Last week, I was saddened to note the sad passing of Annabelle Potts, a girl who battled diffuse intrinsic pontine glioma (DIPG) and whose parents took her to a quack cancer clinic in Monterrey, Mexico, Clínica 0-19. In response to my three-part series published in June about this clinic, I received several emails from actual relatives of patients whose parents had taken their children to Clínica 0-19. Their stories, as you might imagine, were heart-wrenching, every bit as much as that of Annabelle Potts or another patient whose plight made the news, Annabelle Ngyuen, an Australian girl of Vietnamese descent whose parents took her to Clínica 0-19 and who was treated in Hospital Angeles in Monterrey, the main hospital out of which Drs. Garcia and Siller operate. As you might recall, this Annabelle suffered a number of complications while in Monterrey that landed her in the ICU at Hospital Angeles. There, she stayed, racking up $2,500 a day in hospital charges and her parents unable to fly her home to Australia because a medical airlift would cost $220,000.
Unfortunately, none of these parents were willing to have their story told publicly, and, as soon as I mentioned that I knew a reporter who was interested in doing a story on Clínica 0-19 and asked if they would be willing to speak with her, they ghosted me. It didn’t matter that, by the time this had happened a few times, I prefaced my request with ironclad guarantees that if they said no I would honor their wishes and never reveal their identities; they ghosted me just the same, to the point where I stopped asking. There was one exception, one parent who was willing to write up an account of her story and give me permission to post it, as long as I preserved her anonymity. I never asked her about speaking to a reporter, because it’s been months since I’ve been in contact with any reporter interested in this story, but she did give me permission to post her story, and here it is, unedited other than to correct minor typos (English appears not to be her first language):
My husband and I had one of the worst experiences in our lives with these doctors. They were totally arrogant, and what they are doing seem to be clearly unethical and unacceptable.
It’s hard for us to write about this because we don’t want to take hope away from all the parents that are here from different countries, I think they are doing the best they can to save their children…and as you said we can’t blame them. I’ve been there, and of course as a parent we do EVERYTHING for our kids. But the doctors seem to be taking advantage of the families’ situation just to make money.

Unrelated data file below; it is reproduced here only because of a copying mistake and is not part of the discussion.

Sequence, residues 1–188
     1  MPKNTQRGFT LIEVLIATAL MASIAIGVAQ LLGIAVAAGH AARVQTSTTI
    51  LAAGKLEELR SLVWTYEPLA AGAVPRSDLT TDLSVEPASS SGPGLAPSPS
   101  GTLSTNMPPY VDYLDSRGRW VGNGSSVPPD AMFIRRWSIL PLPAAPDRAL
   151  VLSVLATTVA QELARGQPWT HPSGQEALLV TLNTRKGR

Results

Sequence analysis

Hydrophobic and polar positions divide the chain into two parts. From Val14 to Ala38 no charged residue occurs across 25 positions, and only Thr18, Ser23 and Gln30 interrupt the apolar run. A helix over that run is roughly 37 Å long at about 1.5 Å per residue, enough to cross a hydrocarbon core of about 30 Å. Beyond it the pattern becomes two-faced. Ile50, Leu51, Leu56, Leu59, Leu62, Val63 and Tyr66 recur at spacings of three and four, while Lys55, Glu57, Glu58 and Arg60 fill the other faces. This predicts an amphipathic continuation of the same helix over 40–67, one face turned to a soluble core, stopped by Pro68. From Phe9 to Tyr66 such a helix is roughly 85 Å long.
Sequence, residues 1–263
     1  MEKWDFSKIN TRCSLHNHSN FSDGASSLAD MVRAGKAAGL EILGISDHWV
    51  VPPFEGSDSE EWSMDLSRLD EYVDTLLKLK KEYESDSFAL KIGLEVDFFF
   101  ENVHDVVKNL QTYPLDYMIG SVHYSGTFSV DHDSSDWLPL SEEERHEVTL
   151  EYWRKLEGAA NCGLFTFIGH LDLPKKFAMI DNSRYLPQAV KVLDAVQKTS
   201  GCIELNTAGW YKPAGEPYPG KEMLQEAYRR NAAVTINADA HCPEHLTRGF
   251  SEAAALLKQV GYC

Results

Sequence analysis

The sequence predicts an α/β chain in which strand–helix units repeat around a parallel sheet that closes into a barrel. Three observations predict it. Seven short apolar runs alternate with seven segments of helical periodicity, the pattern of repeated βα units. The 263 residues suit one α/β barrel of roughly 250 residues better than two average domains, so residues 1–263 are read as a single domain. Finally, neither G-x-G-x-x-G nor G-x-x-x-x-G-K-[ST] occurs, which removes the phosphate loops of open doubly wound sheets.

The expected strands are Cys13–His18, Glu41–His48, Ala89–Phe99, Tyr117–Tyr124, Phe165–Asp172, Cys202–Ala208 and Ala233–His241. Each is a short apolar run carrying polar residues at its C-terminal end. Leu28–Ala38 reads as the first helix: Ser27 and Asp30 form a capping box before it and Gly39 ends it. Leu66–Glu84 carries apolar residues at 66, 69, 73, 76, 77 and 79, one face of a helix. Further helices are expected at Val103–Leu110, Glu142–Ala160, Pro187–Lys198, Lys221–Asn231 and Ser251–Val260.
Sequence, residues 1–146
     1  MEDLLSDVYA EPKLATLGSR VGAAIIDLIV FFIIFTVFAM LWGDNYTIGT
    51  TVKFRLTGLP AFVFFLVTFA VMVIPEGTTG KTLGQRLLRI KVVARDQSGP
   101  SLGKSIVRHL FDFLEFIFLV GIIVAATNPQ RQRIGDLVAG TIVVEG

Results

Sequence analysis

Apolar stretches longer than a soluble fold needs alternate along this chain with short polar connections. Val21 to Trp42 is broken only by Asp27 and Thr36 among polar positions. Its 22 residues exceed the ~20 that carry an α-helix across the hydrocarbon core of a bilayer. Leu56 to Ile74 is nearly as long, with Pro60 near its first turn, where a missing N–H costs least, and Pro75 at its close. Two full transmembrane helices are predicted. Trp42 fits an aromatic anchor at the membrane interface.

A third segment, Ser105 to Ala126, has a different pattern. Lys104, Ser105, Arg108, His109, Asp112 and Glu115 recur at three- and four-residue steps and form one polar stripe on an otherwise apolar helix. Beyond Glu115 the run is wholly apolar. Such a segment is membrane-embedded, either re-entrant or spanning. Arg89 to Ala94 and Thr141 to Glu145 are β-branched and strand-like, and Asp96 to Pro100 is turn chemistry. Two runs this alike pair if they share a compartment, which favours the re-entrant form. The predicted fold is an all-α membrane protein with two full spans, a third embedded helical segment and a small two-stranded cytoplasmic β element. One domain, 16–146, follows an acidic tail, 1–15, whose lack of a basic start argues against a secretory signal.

We don’t understand why they don’t officially publish anything on their works, investigations and findings if they are certain that it works. They have been doing it for twenty years!!!
In our case didn’t work at all, our daughter had a brain tumor, not DIPG, but anyway it didn’t work.
She passed away. The doctors lied to us about many things and besides the intra-arterial drugs, they carried out other procedures neither discussed nor authorized by us.
They physically reviewed my daughter just once before the treatment because I asked them to…and never visited her after the treatment! I told them that she was doing really badly after the treatment and they didn’t seem to care at all! They just sent another doctor…and never went to see my daughter again. They didn’t answer my calls, they just didn’t care! We requested the list of the drugs that were used during the treatment to be able to review them with the doctors originally in charge of my daughter’s case, but they strongly refused to share their “magic formula”.
We are worried about all these kids and families that are coming from other countries because there is a lot of publicity about this. I have been doing some research and noticed that the treatments seem to just buy some time to the patients.
I repeat, it’s really hard for me to write about my experience, I don’t want to disappoint all these families that have done a tremendous effort in providing the best to the their children with the hope to save them.
But I think the families should know more about these doctors and the so-called treatment…
Very important too, we felt truly mislead about the MRI results which were apparently manipulated with contrasts and angles to show us supposedly that the brain tumor was reduced after the treatment.
They told me the tumor was a lot smaller, (actually that was the only visit from Dr. Siller at the hospital without looking at my daughter) but we ordered another MRI a week later just to realize that the tumor was even bigger and our original doctors confirmed the unfortunate interpretation of the images.
Our daughter was in a really bad shape after that treatment and she remained hospitalized for many many days to make her stable.. Of course with different doctors that really helped her a lot.
I don’t want to get anyone upset, but I had to let you know.
Maybe I’m wrong because I don’t have the information of all the international patients.
But I felt that I had to tell you my personal experience.
I don’t know how to help those families, they have to know about this…
As I said, this account is difficult to read. It tears me up to note how concerned this mother is with not taking away hope from other parents of children with DIPG or other brain tumors traveling to Monterrey to be treated by Drs. Garcia and Siller, of not upsetting them. After living through a tragic experience that most of us can only imagine with horror, she doesn’t want to cause distress in others living the same experience now. I must admit that I have a hard time understanding this perspective, but then I recognize that I’ve never faced what she has faced, nor have any of my relatives or friends. Unlike her, I don’t face these situations through personal experience. I approach them from the perspective of a skeptic and consumer advocate trying to warn other parents of what I consider to be fraud. As I’ve said many times before, I don’t blame the parents who take their children to Monterrey. Faced with the impending death of a child whom they love, they’re desperate and will grasp at any straw of a chance that might save their child’s life. I place the blame squarely where it belongs, on Dr. Garcia and Dr. Siller.